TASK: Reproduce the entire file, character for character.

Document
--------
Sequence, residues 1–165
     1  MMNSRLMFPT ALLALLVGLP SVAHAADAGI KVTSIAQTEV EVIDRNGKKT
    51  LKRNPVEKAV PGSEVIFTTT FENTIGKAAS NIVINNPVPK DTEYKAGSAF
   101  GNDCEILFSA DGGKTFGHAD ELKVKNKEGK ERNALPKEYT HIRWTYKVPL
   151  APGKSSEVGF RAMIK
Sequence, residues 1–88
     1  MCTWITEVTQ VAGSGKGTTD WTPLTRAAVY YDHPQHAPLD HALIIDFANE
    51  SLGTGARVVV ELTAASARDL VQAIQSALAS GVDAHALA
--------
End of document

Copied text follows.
Sequence, residues 1–165
     1  MMNSRLMFPT ALLALLVGLP SVAHAADAGI KVTSIAQTEV EVIDRNGKKT
    51  LKRNPVEKAV PGSEVIFTTT FENTIGKAAS NIVINNPVPK DTEYKAGSAF
   101  GNDCEILFSA DGGKTFGHAD ELKVKNKEGK ERNALPKEYT HIRWTYKVPL
   151  APGKSSEVGF RAMIK
Sequence, residues 1–88
     1  MCTWITEVTQ VAGSGKGTTD WTPLTRAAVY YDHPQHAPLD HALIIDFANE
    51  SLGTGARVVV ELTAASARDL VQAIQSALAS GVDAHALA